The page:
Thursday, August 30, 2012

Day 76: Rochester, NY

My day started improving last night. And by that I mean, after a toughish day yesterday, my mood started improving when I arrived yesterday afternoon at the terrific Historical Victorian Bed and Breakfast in Medina, New York. Betty, the owner (with her husband, Reinhardt), was laid back, but attentive, and showed me to a huge room, with a huge en suite bathroom. She also directed me to Zambistro's for dinner (apparently a play on the owner's name, Zambisto, displayed on local realty signs), which was a huge step up from some of my recent meals. I wrote Day 75's blog there, while being waited on by a slightly overwhelmed waitress, who was dealing with a full house on her first day on the job. What she lacked in polish and knowledge (my family will know how much it hurts me to ask for a food recommendation and not be able to get one), was compensated for in her earnestness, youth and effort. Yes, I overtipped.

After a good night's sleep on an excellent mattress, and fueled by Betty's pancake breakfast and a quick dip in her outdoor hot tub (something I didn't even know existed when I booked), I was ready to go for a ride! To boot, the weather was picture perfect (no arm warmers needed), and I even had a brisk tailwind waiting for me.

Notwithstanding my plan, last night, to start on the Towpath, New York State Bike Route 5, with a huge 5 foot shoulder, was staring me in the face as I headed out of town. I went for it, and, combined with the tailwind, put in about 10 miles of extremely pleasant, low effort riding, to the town of Albion. Which must have more historic churches, per capita, than other town. Quite beautiful, architecturally. There was also a marker noting that Terry Anderson grew up there (remember him? -- held hostage by the Iranians for years).
For a change of pace, I then switched to the Towpath, crushed gravel and all, and rode into the town of Brockport, which, as a small college town (SUNY campus), was delightful. There, I hung out at a cafe, enjoyed a banana smoothie, and chatted with another biker who had ridden the Towpath its entire length, from Buffalo to Albany.

By the way, I'm not too proud to admit that I didn't intuitively grasp why it's called a towpath. When the Erie Canal was built between 1825 and 1832, they needed mules to tow the barges with goods and passengers -- no self-propulsion in those days. Doh. Eventually, the Canal was widened and deepened (is that a word?) for the advent of motorized boats, and then, around 1960, it quickly faded from commercial significance as the NYS Thruway was completed and, more significantly, the St. Lawrence Seaway opened. Today, it's mostly used for recreational boating and houseboats. End of short history lesson.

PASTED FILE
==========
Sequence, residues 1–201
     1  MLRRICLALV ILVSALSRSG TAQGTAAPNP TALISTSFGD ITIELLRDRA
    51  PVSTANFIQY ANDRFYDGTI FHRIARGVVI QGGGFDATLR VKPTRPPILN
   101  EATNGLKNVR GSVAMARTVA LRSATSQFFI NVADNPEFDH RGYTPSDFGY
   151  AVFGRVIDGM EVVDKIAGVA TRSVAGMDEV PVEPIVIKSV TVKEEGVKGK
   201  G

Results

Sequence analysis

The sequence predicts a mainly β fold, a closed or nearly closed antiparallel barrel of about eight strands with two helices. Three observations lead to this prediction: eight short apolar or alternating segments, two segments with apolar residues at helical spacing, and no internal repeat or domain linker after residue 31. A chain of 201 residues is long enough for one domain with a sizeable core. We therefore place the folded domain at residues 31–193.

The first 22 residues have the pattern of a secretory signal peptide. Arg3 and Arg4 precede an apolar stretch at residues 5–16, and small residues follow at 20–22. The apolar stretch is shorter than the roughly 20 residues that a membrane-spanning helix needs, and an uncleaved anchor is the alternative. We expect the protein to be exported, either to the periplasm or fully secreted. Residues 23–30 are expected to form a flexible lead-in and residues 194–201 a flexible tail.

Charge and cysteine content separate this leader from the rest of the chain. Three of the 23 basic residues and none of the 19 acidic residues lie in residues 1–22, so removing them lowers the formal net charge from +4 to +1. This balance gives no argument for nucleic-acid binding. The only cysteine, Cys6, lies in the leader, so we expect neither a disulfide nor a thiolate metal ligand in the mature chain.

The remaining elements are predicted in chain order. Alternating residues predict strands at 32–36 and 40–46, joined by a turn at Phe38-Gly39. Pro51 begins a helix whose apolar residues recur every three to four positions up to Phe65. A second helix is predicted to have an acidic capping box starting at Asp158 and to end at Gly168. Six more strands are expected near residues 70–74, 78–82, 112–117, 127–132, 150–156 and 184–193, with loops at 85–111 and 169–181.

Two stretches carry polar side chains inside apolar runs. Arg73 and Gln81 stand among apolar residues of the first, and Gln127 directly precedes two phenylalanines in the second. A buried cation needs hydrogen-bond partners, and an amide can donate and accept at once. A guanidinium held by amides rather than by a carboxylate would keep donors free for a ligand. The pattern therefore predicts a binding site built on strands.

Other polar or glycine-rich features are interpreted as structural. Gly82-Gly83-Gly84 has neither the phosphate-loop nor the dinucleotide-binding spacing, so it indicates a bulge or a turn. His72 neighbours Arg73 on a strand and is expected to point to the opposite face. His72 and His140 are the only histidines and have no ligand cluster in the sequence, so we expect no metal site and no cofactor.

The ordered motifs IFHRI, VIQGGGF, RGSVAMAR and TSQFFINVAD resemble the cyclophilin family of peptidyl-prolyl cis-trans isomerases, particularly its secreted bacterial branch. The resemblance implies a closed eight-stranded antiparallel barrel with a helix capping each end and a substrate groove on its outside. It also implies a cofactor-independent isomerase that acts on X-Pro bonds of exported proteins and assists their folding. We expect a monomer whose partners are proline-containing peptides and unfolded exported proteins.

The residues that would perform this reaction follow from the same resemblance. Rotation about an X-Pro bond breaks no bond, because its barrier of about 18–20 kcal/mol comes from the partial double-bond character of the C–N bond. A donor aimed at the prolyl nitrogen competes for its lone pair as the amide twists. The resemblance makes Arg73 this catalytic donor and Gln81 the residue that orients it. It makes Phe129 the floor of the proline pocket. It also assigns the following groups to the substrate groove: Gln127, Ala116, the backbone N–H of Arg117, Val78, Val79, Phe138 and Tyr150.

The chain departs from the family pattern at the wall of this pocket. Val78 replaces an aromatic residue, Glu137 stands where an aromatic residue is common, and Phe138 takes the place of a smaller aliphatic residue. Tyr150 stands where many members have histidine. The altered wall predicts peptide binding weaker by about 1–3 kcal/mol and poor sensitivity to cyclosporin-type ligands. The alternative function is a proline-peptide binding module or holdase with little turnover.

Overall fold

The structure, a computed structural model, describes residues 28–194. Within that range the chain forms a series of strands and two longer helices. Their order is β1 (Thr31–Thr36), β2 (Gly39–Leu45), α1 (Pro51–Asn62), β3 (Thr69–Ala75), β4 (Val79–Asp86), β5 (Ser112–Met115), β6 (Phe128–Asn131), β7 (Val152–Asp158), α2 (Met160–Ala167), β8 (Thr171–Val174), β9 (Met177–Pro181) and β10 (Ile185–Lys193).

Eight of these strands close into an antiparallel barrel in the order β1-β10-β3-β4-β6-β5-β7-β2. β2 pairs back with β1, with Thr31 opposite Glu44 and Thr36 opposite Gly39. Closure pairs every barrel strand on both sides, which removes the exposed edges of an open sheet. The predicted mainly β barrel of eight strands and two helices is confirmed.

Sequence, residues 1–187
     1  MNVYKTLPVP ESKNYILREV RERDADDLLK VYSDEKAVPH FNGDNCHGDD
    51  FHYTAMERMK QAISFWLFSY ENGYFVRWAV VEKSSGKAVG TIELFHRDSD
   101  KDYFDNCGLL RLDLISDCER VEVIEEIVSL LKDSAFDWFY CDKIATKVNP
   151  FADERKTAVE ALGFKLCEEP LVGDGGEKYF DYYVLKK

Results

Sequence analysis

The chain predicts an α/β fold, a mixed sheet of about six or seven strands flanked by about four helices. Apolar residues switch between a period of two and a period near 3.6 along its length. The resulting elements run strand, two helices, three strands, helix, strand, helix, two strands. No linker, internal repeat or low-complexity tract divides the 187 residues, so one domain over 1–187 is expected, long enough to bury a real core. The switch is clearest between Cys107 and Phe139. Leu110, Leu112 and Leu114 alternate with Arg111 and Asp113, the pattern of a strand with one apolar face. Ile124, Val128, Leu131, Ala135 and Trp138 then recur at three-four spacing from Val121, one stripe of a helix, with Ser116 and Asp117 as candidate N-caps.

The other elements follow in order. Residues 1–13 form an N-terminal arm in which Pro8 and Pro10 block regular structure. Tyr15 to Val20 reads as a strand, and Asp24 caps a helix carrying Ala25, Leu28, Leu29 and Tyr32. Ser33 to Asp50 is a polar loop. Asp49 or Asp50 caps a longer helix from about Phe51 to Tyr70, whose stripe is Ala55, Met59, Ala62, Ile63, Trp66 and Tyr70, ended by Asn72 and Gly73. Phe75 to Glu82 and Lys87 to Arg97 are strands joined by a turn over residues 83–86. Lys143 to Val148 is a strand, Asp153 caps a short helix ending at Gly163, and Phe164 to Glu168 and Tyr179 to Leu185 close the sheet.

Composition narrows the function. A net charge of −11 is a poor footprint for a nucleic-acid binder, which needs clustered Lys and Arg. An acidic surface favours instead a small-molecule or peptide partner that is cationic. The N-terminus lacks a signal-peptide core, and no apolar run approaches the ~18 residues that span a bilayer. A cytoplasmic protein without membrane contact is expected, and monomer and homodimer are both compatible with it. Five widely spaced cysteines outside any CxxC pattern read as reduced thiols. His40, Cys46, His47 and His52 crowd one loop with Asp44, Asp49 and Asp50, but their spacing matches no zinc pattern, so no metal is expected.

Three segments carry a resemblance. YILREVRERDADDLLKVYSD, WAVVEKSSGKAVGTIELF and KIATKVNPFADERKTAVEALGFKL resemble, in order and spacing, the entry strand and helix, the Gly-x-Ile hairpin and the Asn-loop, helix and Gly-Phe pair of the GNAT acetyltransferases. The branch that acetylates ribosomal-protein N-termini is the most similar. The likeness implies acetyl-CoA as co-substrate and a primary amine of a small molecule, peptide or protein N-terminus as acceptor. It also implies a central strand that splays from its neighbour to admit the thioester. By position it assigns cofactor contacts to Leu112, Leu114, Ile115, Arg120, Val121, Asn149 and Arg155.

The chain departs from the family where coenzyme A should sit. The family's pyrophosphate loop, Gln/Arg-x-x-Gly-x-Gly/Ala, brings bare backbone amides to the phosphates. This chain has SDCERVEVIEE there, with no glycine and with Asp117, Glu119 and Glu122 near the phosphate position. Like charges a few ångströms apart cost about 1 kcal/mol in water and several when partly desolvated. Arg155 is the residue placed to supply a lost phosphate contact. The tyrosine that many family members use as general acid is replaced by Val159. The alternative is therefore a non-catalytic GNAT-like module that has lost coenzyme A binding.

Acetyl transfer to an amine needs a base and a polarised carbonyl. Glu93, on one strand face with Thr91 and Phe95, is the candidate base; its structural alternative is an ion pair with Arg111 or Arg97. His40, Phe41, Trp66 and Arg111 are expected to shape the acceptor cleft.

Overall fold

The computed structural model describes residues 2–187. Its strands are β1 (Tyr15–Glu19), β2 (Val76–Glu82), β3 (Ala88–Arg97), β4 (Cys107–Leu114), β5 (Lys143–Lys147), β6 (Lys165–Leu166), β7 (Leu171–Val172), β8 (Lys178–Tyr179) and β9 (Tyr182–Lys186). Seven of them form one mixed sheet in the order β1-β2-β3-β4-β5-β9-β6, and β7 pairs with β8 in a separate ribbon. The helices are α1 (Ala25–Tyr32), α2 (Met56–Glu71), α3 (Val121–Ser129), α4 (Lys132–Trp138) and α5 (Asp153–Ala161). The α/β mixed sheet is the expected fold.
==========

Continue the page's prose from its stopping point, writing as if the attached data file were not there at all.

But reading the various plaques at each town about the Canal's building, and its significance to the town's existence, took me back to the far Western portions of this trip, where every town had a story about why it sprung into being as a trading post, garrison station or something else. Crossing America (and occasionally, Canada) by bicycle has really given me a much more attuned sense of -- and appreciation for -- how and why this country was built and expanded. Big infrastructure projects, like the Canal, had huge, positive consequences for the economy, a lesson I wish we were more capable of remembering and applying today. End of short (yes, anti-Republican) rant.

The balance of my ride from Brockport, into Rochester, my destination for the day (slightly over 46 miles), was less notable, as is often the case for me with the portion of the day's ride after 30 miles (I think I get tired, bored, ready to be there or all of the above). Except I was struck, riding into Rochester, by the tall - and quite beautiful -- building with large lettering on the top spelling out KODAK. And nearby, relatively empty, were Kodak-reserved parking lots. In terms of the world moving on and needing to be repurposed, not all that different from the Erie Canal, when you think about it.

Here are today's route and metrics:











1 comment:

  1. Very sad about Kodak. And I'm afraid Xerox, the other once-great, once state-of-the-art high-tech Rochester based company, may also be on the way out. Still, they have the great Eastman School of Music and the small gem of an art museum, Memorial Art Gallery.